Yingling Academic Argument
English and Literature
Submitted By melissa31078
LTC(R) Yingling’s article, “A Failure in Generalship” argues that America’s generals failed to prepare our armed forces for war and advise civilian authorities on the application of force to achieve the aims of policy. The argument he presented in this article is weak, and I will argue this under two premises. First, LTC(R) Yingling utilized fallacies throughout his argument to support claims of generalship failures. Second, he excludes the other points of possible failure to focus on one set of rank within the officer corps.
LTC(R) Yingling’s utilization of fallacies throughout his argument serves to create confusion, bias, and diversions for the reader of this article. He distracts the audience by the introduction of a red herring in his argument. The summation of his first two paragraphs discuss war as “a social activity that involves entire nations,” and “passion of the people is necessary to endure the sacrifices inherent in war.” These ideas raise a side issue separate from the focus of the first element of discussion, responsibilities of generalship.
LTC(R) Yingling exhibits circular reasoning when he states, “the general must visualize the conditions of future combat,” and goes on to state, “not even the most skilled general can visualize precisely how future wars will be fought.” If a general’s responsibility is to visualize what he is unable to visualize, this begs the question of how much culpability a general is truly responsible for, assuming the general provided an estimation of strategic probabilities.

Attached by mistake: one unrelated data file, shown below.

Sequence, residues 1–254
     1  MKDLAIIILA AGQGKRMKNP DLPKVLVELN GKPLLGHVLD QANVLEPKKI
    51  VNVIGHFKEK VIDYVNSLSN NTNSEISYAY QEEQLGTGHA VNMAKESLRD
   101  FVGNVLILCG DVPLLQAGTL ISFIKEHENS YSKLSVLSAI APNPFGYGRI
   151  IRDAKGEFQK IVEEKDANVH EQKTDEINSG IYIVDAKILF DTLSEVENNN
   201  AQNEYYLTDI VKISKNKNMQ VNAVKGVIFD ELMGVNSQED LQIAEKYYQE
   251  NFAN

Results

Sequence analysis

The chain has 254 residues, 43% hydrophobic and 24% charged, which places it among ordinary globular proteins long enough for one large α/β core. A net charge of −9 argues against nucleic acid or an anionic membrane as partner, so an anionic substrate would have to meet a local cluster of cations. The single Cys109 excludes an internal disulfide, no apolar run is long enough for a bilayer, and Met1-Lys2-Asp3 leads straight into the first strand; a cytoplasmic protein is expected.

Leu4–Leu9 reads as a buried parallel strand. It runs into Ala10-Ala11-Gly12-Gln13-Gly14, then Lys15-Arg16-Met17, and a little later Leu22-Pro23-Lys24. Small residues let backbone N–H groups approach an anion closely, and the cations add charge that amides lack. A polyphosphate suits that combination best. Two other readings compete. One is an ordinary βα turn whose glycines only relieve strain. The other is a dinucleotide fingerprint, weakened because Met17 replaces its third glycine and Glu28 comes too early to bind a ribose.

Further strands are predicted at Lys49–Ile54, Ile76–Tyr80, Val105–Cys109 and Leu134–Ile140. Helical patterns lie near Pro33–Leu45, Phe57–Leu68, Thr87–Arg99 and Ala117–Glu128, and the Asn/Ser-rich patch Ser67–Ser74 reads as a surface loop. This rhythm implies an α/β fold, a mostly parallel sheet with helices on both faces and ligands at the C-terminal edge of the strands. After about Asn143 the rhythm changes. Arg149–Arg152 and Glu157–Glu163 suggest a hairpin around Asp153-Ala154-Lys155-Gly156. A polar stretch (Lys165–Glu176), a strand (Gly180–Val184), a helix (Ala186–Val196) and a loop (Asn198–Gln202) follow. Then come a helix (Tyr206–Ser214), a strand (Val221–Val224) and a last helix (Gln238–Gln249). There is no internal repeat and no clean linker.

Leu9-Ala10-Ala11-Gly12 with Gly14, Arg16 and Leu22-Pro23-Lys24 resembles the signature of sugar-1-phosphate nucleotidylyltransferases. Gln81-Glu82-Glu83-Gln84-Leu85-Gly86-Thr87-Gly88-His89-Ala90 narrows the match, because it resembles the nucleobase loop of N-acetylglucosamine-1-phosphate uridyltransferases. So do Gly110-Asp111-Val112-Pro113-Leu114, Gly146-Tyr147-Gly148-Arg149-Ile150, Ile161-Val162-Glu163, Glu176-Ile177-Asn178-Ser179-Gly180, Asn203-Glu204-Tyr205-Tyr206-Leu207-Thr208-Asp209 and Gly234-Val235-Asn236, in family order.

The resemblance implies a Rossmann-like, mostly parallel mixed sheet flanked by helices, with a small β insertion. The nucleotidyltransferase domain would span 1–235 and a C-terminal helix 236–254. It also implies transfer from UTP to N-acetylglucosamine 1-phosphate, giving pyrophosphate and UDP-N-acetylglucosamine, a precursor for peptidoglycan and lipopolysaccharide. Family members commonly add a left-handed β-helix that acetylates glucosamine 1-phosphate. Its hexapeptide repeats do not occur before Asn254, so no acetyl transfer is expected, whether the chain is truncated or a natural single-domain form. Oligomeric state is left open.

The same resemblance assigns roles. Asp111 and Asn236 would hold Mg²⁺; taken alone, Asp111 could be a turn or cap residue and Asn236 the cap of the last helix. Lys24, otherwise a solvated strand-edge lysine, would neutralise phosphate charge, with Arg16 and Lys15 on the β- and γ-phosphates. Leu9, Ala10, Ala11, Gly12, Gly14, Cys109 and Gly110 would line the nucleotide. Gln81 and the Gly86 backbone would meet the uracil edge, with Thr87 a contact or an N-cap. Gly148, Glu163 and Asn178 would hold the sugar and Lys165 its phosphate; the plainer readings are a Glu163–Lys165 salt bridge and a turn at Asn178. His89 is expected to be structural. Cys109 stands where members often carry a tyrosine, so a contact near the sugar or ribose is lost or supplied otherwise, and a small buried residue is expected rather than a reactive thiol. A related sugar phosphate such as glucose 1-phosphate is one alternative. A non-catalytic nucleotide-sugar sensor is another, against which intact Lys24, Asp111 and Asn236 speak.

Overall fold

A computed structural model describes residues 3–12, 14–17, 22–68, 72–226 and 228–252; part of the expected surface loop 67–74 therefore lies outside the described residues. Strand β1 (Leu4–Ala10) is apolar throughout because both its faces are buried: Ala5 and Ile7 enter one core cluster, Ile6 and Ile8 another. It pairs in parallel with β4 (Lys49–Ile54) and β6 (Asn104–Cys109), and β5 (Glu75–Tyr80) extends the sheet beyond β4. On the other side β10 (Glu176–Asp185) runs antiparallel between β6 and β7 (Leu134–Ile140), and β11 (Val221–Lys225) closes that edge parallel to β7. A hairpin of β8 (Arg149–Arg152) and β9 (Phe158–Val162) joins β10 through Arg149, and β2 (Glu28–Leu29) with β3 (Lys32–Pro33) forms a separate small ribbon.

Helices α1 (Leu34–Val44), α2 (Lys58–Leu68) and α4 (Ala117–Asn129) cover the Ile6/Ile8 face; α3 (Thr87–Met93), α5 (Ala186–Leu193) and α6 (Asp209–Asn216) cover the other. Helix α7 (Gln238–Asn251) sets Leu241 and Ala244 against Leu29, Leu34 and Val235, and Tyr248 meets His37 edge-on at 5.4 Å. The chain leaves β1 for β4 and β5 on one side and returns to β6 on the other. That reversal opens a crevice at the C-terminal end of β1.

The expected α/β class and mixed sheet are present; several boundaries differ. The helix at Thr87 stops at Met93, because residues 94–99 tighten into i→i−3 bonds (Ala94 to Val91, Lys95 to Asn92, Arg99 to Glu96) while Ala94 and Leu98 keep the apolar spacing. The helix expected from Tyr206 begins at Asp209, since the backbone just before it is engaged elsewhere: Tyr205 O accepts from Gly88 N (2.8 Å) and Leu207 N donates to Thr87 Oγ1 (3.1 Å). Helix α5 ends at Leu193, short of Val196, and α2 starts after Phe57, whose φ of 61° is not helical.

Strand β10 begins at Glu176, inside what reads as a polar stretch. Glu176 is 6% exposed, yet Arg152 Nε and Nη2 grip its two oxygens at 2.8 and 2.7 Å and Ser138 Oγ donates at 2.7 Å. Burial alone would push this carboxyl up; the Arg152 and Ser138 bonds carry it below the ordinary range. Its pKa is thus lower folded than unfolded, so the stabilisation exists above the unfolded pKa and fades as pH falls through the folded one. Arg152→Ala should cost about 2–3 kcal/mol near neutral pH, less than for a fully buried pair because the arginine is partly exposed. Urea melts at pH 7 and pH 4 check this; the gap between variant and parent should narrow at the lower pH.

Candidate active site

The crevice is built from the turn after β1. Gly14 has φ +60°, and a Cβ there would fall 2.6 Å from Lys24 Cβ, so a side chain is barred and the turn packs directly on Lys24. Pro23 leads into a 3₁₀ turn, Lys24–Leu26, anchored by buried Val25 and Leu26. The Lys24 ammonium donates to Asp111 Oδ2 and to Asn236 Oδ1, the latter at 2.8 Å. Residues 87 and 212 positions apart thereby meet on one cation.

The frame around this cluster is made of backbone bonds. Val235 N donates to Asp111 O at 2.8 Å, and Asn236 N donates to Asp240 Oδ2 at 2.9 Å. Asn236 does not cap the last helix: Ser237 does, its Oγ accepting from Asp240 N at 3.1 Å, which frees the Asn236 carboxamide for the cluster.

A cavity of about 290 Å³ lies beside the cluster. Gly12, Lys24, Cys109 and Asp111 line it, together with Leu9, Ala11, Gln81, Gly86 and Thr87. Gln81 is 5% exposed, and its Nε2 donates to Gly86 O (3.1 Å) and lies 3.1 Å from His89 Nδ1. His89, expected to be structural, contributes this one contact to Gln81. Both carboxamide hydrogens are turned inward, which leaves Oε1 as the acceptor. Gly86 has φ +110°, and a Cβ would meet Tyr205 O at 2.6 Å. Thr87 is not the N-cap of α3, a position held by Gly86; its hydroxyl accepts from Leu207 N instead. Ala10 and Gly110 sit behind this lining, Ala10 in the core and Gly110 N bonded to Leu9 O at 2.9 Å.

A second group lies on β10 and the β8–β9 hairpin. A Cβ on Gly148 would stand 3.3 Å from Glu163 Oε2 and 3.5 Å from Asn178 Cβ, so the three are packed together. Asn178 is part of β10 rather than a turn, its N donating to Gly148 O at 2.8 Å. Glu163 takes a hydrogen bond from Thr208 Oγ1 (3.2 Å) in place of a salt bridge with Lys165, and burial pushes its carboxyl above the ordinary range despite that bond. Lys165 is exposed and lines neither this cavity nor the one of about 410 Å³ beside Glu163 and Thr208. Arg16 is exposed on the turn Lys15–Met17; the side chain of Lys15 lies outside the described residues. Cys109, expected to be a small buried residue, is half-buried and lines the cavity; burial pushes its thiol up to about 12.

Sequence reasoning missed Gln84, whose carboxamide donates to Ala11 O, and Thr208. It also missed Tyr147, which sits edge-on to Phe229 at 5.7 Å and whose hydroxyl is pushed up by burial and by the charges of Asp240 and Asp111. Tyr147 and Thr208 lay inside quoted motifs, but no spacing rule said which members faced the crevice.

Weak analogies riddle the argument through comparisons of World War I, World War II, the Vietnam conflict, Operation Iraqi Freedom, and the Persian Gulf War. Each of these military engagements occurred at different times and locations, under different conditions requiring different estimations of strategic probabilities. No two military engagements are the same. Further, LTC(R) Yingling attempts to convince the audience of its desires through the use of ad populum when he states, “If America desires creative intelligence and moral courage in its general officer corps, it must create a system that rewards these qualities.” What authority does LTC(R) Yingling hold to determine what America desires?
The focus on the general officer corps as a point of failure left no thought or discussion regarding possible other points of failure. ATTP 5-0.1, “Commander and Staff Officer Guide,” paragraph 2-2, states, “Staffs support the commander in understanding situations, making and implementing decisions, controlling operations, and assessing progress. They make recommendations, and prepare plans and orders for the commander…they synthesize this information and provide it to commanders in the form of running estimates to help commanders build and maintain their situational understanding.” Considering this, if a general fails, the possibility that his staff failed him in providing the proper strategic estimates should be considered.
Contrary to the thought that a staff is just as responsible for failure as their general, is the thought that ultimately the officer in charge is responsible for all decisions and actions executed under his purview, to include his staffs. This would indicate then that the blame for failure rests on the shoulders of the officer in charge. This could prove valid if an officer were making and executing decisions on their own; however, that would be an anomaly within a military organization where teamwork is the foundation of its accomplishments. To the best of my knowledge, no general ever entered into a military conflict without the support of their staff. In closing, it is my opinion that the arguments LTC(R) Yingling presented in this article are weak. LTC(R) Yingling utilized fallacies throughout his argument to support claims of generalship failures, and excludes the other points of possible failure to focus on one set of rank within the officer corps.
Yingling, Paul “A Failure in Generalship.” Armed Forces Journal (May 2007): 1-5.
US, Department of the Army. ATTP 5-0.1, Commander and Staff Officer Guide. Washington, D.C. September 2011.